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Astronaut Don Pettit is not only a scientist and on-orbit fix-it guy extraordinaire, but he is also a poet. Who knew? Since April is National Poetry Month, Pettit has written a couple of poems while on his tour of duty on the International Space Station. “By venturing into unknown territory, discoveries will be made that tickle our imagination and enrich our minds,” he says. “On the frontier, you can once again see the world through the eyes of a child.”
Read two of his recent poems, below:
I Wonder Why
I wonder why the sky is up, and why the stars abound?
And why the Sun comes up each morn, and why the Earth goes ’round?
I wonder what the Sun on Mars, would bring at dusk and dawn?
I wonder what two moons would say, from Earth lit sky when Sun is gone
I wonder if Mars mountain crags would be a sight to hold?
I wonder if I’d dare to climb, how could I be so bold!
I wonder when Man’s mind will grow, and cease to be so small
I wonder when we’ll venture forth, I hope before we fall
I wonder if we’ll never dare, to reach up through the sky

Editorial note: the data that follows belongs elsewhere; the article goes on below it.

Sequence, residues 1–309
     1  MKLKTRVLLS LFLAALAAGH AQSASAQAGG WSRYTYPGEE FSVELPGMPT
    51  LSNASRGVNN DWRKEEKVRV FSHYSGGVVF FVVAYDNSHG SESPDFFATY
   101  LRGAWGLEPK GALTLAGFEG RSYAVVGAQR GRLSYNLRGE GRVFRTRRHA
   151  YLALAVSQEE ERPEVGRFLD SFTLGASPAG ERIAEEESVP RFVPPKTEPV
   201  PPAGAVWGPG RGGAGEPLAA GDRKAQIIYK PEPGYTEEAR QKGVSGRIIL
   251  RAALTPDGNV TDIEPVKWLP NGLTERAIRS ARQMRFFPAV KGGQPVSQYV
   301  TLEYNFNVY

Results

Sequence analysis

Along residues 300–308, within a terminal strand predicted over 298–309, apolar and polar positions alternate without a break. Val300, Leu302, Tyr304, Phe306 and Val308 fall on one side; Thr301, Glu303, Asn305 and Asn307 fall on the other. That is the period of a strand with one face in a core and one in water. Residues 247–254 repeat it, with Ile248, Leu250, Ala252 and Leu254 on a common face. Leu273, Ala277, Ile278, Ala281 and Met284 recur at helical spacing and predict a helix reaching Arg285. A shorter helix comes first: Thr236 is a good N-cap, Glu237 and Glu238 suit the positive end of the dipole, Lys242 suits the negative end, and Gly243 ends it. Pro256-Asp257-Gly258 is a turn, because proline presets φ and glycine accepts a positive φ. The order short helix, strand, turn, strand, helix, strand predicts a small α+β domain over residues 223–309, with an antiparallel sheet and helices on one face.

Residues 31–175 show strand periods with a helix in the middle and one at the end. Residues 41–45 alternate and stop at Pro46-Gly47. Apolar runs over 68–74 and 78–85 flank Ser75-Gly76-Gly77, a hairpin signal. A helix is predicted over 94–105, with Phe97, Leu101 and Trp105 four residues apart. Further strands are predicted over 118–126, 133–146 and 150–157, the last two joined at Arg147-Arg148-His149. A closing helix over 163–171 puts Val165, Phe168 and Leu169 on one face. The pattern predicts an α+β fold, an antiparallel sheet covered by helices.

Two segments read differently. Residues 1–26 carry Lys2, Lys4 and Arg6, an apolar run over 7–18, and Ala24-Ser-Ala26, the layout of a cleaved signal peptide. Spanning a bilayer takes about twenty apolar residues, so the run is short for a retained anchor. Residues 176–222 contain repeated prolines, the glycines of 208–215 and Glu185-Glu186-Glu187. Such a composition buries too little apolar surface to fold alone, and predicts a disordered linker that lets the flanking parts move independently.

Forever doomed to live on Earth, and this, I wonder why?
Space is My Mistress
Space is my Mistress,
and she beckons my return.
Since our departure I think of you
and yearn to fly across the heavens arm in arm.
I marvel at your figure,
defined by the edges of continents.
You gaze at me with turquoise eyes,
perhaps mistaken for ocean atolls.
You tease me to fall into your bosom,
sculptured by tectonic rifts,
only to move away as if playing some tantalizing game.
Time and time we turn together,
through day, and night, and day,
repeating encounters every 90 minutes with a freshness,
as if we have never seen our faces before.
We stroll outside together,
enveloped by naked cosmos,
filled with desire to be one.
you sense my every breath,
which masks your stare through visor haze.
We dance on the swirls of cloud tops,
while skirting the islands of blue.
You know my heart beats fast for you.
Oh, Space is my mistress,
and when our orbits coincide,
we will once again make streaks of aurora across the sky.
See more of Pettit’s musings at his NASA blog.